- B. Tang, A. Mustafa, S. Gupta, S. Melnyk, S. J. James, and W. D. Kruger, “Methionine-deficient diet induces post-transcriptional downregulation of cystathionine β-synthase,” Nutrition, vol. 26, no. 11-12, pp. 1170–1175, 2010.
- D. L. Carbone, J. A. Doorn, Z. Kiebler, and D. R. Petersen, “Cysteine modification by lipid peroxidation products inhibits protein disulfide isomerase,” Chemical Research in Toxicology, vol. 18, no. 8, pp. 1324–1331, 2005.
- P. Haberzettl, E. Vladykovskaya, S. Srivastava, and A. Bhatnagar, “Role of endoplasmic reticulum stress in acrolein-induced endothelial activation,” Toxicology and Applied Pharmacology, vol. 234, no. 1, pp. 14–24, 2009.
- N. Kaplowitz, T. A. Than, M. Shinohara, and C. Ji, “Endoplasmic reticulum stress and liver injury,” Seminars in Liver Disease, vol. 27, no. 4, pp. 367–377, 2007.
- I. De Domenico and J. Kaplan, “A new wrinkle in the fold: hepcidin links inflammation to the unfolded protein respons,” Cell Metabolism, vol. 10, no. 4, pp. 245–246, 2009.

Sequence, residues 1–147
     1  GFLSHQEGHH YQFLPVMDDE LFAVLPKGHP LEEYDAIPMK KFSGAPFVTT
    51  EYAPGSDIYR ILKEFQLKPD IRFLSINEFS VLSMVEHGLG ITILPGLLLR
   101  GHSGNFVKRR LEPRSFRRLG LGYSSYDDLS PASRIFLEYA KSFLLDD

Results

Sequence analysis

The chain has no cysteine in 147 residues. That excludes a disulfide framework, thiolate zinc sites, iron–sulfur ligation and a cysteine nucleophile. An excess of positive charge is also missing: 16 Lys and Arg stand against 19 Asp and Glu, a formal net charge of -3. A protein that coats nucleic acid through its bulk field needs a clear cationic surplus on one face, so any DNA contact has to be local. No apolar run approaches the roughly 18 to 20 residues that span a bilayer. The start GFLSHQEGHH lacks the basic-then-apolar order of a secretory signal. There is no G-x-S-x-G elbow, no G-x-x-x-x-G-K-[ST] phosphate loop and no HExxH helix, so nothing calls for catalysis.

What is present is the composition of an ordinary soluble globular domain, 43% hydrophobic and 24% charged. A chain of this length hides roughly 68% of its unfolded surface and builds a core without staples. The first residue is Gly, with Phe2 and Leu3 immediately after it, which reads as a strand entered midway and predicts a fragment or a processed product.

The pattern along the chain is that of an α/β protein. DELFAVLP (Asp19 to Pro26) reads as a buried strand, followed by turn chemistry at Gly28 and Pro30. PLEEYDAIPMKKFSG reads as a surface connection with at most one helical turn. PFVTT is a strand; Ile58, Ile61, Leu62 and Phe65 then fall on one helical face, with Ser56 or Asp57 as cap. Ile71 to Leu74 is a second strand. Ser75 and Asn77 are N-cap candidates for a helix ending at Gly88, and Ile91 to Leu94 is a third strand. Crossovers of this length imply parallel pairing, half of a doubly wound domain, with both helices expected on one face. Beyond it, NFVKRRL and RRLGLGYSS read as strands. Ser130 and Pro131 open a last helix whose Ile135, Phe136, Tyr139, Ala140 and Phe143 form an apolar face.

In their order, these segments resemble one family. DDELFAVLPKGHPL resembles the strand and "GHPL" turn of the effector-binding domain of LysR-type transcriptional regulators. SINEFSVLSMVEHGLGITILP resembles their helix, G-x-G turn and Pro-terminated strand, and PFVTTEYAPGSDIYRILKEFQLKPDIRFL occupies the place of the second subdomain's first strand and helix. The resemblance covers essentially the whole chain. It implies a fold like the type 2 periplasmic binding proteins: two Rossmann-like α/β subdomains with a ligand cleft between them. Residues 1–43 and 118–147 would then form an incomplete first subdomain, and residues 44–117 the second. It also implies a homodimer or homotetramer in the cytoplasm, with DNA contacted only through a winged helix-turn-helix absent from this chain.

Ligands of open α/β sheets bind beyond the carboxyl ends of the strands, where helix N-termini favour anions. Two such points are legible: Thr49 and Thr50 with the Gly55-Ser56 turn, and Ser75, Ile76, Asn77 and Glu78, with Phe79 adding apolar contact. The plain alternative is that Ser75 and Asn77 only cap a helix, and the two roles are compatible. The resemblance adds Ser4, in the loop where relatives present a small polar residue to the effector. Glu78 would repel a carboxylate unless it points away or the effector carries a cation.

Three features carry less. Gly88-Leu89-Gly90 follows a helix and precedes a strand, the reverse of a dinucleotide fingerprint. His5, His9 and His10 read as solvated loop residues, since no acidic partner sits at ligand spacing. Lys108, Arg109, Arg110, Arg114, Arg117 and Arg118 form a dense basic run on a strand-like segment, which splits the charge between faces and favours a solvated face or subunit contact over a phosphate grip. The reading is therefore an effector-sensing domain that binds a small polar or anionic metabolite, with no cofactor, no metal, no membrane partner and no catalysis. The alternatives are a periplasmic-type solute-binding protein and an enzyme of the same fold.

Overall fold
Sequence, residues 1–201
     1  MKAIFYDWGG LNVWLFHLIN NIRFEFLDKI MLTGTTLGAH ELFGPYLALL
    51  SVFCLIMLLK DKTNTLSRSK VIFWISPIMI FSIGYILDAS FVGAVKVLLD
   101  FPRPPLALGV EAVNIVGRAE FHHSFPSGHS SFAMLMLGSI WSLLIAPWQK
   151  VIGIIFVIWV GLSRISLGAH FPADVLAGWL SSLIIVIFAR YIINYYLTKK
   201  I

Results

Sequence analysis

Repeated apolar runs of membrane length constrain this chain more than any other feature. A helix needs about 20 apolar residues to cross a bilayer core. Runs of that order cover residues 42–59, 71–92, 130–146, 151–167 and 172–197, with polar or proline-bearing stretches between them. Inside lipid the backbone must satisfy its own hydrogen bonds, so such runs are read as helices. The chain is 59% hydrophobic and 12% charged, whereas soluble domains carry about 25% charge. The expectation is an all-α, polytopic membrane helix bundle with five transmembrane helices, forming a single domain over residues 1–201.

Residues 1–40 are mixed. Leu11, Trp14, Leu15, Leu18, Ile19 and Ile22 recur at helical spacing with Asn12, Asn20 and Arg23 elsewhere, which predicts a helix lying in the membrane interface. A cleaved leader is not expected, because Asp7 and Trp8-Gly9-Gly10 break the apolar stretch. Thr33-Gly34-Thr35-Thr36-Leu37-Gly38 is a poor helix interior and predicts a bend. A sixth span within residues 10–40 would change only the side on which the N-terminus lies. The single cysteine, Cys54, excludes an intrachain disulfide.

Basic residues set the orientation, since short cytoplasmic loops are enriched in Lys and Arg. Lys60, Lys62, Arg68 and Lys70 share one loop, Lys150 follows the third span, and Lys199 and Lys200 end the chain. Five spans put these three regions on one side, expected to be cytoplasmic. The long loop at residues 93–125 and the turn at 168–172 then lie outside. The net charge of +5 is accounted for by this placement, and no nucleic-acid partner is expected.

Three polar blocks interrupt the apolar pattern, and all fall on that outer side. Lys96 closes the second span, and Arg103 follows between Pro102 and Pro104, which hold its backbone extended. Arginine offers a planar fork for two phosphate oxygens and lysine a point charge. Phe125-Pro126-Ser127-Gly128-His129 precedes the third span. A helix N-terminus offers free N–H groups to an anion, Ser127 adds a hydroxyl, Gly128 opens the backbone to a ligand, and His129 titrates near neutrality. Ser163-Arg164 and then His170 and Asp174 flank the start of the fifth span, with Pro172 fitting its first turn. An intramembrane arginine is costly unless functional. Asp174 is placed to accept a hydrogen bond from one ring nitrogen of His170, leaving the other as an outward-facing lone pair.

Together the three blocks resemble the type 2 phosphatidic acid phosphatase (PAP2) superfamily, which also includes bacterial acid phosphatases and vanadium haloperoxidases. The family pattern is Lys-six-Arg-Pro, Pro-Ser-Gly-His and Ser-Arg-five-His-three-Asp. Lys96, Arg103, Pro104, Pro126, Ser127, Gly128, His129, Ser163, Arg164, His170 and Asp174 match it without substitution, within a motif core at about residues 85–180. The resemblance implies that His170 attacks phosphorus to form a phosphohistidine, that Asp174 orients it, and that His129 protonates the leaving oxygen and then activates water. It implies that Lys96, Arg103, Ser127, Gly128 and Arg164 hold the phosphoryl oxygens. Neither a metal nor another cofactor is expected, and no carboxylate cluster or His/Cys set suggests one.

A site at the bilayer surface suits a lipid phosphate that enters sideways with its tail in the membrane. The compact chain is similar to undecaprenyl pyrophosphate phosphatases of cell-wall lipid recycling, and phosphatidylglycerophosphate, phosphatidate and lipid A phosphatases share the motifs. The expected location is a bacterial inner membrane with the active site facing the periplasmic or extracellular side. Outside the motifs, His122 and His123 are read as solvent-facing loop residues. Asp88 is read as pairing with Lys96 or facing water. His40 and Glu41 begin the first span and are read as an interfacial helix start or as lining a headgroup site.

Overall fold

- G. S. Hotamisligil, “Endoplasmic Reticulum Stress and the Inflammatory Basis of Metabolic Disease,” Cell, vol. 140, no. 6, pp. 900–917, 2010.
- K. Zhang, X. Shen, J. Wu et al., “Endoplasmic reticulum stress activates cleavage of CREBH to induce a systemic inflammatory response,” Cell, vol. 124, no. 3, pp. 587–599, 2006.
- K. Zhang and R. J. Kaufman, “From endoplasmic-reticulum stress to the inflammatory response,” Nature, vol. 454, no. 7203, pp. 455–462, 2008.
- J. D. Malhotra, H. Miao, K. Zhang et al., “Antioxidants reduce endoplasmic reticulum stress and improve protein secretion,” Proceedings of the National Academy of Sciences of the United States of America, vol. 105, no. 47, pp. 18525–18530, 2008.
- B. P. Tu and J. S. Weissman, “Oxidative protein folding in eukaryotes: mechanisms and consequences,” Journal of Cell Biology, vol. 164, no. 3, pp. 341–346, 2004.